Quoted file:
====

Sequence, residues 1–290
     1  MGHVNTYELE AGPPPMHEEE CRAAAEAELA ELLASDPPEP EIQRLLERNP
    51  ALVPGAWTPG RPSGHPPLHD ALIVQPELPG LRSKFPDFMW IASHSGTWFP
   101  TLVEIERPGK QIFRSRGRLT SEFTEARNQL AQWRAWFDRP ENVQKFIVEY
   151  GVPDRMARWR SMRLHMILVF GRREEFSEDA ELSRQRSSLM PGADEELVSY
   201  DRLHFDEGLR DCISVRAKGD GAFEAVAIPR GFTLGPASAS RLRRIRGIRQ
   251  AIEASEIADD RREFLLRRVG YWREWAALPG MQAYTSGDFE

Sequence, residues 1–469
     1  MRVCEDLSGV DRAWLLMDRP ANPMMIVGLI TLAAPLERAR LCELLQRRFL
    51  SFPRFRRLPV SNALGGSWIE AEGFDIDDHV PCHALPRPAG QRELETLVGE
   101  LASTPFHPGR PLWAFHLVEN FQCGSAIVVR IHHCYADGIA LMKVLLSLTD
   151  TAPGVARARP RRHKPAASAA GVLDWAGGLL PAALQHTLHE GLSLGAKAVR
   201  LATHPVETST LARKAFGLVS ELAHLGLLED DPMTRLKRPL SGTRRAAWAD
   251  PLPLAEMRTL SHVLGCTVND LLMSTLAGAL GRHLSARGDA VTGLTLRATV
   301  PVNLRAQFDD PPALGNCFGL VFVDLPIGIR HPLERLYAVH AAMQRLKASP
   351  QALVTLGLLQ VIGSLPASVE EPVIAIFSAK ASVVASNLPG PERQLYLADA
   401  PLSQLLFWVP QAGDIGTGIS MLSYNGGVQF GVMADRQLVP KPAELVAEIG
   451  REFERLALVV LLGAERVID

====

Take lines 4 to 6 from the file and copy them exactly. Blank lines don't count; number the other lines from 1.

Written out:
   101  TLVEIERPGK QIFRSRGRLT SEFTEARNQL AQWRAWFDRP ENVQKFIVEY
   151  GVPDRMARWR SMRLHMILVF GRREEFSEDA ELSRQRSSLM PGADEELVSY
   201  DRLHFDEGLR DCISVRAKGD GAFEAVAIPR GFTLGPASAS RLRRIRGIRQ